Effective Visual Communication of Data
by Andy Kirk
This two-day training workshop aims to provide delegates with an accessible and comprehensive understanding about the craft of data visualisation.
The focus of the training is how to effectively communicate data visually. The teaching will attendees to know what to think, when to think and how to think about all the editorial, analytical and design decisions involved in any data-driven challenge.
This workshop will be relevant for anyone who has a responsibility for making sense of data and communicating it to others. Whether this activity is only part of your job or fills all of your duties, this session is intended for any participant demographic. You might be an analyst, statistician, or researcher looking to enhance the creativity and impact of your communications. Perhaps you possess creative flair, as a designer or developer, and you’re seeking to enhance the rigour of your data-driven capabilities? Maybe you do not personally get involved in the analysis or presenting of data but manage others who do. We are all consumers of data visualisations in our daily lives, via media and through the workplace, whether we realise or not, so improving the sophistication of how one reads, interprets and evaluates the effectiveness of such displays is a key literacy.
The approach to teaching this subject is not framed around specific tools or applications. Across the session there will be references to some of the most common, contemporary technologies but the emphasis of this training is about the underlying craft, regardless of your tools or skills.
The training is structured around a proven design process. Across the session delegates will build up, stage by stage, a detailed understanding of all the different aspects of decision-making that goes into any data visualisation project, whether it is for a one-off or recurring project, for simple or complex applications.
The content is delivered through a energetic blend of teaching, discussion, and practice. The exercise and workshop activities vary in nature, from critically evaluating visualisations and exploring data, through to sketching ideas and choosing effective charts. Each activity is designed to reinforce the learning acquired at each stage.
The most crucial pre-requisite is curiosity - an instinct for and interest in discovering and sharing insights from data - and an appetite to find a fresh approach to communicating data through visual representation and presentation. No other technical or skill-based prerequisite. Attendees should be willing to contribute to and learn from discussions during class exercise activities and do so in a respectful and constructive manner.
What you will learn
There are four key learning domains for delegates attending these workshops:
- To challenge your existing thinking about creating and consuming visualisation works, helping to clarify your convictions about what differentiates effective from ineffective data visualisation design.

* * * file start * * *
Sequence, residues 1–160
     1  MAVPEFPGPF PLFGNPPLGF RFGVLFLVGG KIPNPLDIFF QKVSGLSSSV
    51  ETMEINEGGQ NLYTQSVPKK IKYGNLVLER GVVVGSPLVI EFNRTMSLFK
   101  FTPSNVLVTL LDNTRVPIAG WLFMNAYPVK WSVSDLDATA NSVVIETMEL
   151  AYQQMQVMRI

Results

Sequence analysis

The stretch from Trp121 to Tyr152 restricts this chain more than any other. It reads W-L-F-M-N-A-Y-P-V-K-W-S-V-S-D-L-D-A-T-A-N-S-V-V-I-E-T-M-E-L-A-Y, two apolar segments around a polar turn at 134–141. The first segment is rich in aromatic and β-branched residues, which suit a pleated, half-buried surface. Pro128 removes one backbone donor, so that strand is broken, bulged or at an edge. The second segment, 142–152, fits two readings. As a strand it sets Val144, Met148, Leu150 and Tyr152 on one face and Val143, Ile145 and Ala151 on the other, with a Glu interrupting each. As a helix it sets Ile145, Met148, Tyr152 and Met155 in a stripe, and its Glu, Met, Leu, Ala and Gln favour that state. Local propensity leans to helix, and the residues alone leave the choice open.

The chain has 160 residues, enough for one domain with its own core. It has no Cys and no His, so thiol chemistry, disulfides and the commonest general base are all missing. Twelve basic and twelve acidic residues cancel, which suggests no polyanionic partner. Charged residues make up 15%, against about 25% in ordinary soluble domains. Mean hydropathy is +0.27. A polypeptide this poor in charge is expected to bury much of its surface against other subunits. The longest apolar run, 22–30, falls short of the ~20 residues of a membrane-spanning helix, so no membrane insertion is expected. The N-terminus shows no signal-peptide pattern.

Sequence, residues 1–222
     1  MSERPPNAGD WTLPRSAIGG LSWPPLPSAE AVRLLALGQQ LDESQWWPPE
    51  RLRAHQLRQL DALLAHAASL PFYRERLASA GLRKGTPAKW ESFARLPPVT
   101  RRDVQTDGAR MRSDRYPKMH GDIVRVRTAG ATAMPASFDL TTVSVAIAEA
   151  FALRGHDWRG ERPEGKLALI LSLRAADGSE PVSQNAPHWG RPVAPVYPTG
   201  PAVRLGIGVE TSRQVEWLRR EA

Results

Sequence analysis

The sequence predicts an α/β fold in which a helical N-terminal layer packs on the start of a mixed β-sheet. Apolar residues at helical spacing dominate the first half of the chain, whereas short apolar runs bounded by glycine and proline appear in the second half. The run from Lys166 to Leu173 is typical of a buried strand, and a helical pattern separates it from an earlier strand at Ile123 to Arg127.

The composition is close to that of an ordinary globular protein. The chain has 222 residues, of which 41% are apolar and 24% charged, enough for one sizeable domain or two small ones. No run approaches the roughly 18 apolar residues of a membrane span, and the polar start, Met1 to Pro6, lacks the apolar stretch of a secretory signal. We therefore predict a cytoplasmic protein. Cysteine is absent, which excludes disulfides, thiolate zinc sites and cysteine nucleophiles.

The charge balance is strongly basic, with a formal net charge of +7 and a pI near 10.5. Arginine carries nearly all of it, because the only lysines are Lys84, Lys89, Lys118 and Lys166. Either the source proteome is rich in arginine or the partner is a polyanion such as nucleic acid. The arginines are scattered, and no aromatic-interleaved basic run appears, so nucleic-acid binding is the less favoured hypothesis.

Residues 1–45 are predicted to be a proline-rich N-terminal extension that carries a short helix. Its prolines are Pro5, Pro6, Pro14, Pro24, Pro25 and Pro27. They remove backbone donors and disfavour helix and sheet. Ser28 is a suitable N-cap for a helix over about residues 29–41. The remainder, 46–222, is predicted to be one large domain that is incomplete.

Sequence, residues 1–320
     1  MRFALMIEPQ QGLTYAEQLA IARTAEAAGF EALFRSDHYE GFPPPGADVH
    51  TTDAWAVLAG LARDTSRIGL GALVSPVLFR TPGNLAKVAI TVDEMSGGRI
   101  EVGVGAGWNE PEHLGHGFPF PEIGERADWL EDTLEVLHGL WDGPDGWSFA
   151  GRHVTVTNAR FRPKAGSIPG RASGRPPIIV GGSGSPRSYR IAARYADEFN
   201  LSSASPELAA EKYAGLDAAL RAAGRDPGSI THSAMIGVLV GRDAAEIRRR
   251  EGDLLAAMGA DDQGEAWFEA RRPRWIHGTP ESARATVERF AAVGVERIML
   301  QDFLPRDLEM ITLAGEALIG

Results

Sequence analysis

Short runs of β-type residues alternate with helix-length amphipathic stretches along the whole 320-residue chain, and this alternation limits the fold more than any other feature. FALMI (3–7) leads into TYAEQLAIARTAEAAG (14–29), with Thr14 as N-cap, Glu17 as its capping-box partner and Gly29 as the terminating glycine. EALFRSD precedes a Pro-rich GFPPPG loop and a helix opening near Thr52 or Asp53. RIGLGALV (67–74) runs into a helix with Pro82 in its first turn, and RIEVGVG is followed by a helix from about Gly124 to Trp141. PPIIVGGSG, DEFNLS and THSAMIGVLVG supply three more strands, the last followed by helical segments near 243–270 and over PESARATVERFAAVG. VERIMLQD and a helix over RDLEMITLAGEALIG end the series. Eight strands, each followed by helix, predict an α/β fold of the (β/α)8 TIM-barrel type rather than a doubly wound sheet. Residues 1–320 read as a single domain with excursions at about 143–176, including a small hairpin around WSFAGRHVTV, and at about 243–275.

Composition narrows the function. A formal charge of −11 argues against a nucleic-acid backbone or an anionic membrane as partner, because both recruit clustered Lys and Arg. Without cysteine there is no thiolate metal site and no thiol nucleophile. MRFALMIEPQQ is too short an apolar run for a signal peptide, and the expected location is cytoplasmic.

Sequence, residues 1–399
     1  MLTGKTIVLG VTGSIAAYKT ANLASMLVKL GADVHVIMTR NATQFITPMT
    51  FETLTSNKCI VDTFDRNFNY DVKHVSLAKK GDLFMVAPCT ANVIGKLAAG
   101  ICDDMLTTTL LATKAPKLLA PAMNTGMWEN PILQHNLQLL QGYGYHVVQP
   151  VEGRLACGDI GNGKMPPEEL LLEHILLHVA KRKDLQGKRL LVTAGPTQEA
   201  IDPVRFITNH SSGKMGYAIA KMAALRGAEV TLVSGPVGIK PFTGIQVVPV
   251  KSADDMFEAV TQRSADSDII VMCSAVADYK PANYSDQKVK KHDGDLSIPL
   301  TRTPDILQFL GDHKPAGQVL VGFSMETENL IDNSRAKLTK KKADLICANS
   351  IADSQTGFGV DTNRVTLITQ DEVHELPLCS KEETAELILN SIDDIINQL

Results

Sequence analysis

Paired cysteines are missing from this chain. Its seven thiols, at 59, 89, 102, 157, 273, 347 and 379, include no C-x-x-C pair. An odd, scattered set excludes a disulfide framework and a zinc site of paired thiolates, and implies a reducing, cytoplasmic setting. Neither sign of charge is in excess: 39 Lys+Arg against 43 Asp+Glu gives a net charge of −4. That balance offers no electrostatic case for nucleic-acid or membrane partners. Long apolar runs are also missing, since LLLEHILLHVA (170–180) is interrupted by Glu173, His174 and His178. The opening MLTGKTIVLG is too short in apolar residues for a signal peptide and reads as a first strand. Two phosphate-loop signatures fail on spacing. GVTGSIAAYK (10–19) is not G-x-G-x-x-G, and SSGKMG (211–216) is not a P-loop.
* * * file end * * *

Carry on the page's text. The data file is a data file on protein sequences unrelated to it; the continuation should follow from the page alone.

- To enlighten you with an appreciation of the wide range of visual design options, such the many chart types and their roles, different techniques for offering interactivity, employing annotation, effective applications of colour theory, and design composition.
- To equip you with the knowledge and practical experience of employing an efficient design process that heightens your confidence in making astute choices regardless of your task, your data, your subject and your technical skills
- To inspire you to have the confidence to broaden your creative ambitions, by enhancing your visual vocabulary and exposing you to the contemporary techniques being used by practitioners from across the data visualisation field today.
- Defining data visualisation and contrasts with other related subjects
- The key principles of good data visualisation design
- The importance of being a sophisticated visualisation consumer
- Understanding the ingredients that form the profile of a skilled visualisation designer
- An overview of contemporary data visualisation tools, applications and programmes
- The importance of identifying contextual factors and defining your vision
- Examining the physicality, meaning and condition of your data
- Using visual techniques to explore data
- The critical role of editorial thinking
- The data visualisation design anatomy
- The building blocks of data encoding
- The spectrum of different chart types and their roles
- Introduction to the ‘Chartmaker Directory’
- The potential applications of interactivity in visualisation design
- The role of effective annotation for assistance and insight
- Applying colour theories for data legibility and functional decoration
- The architectural considerations for composing a visualisation work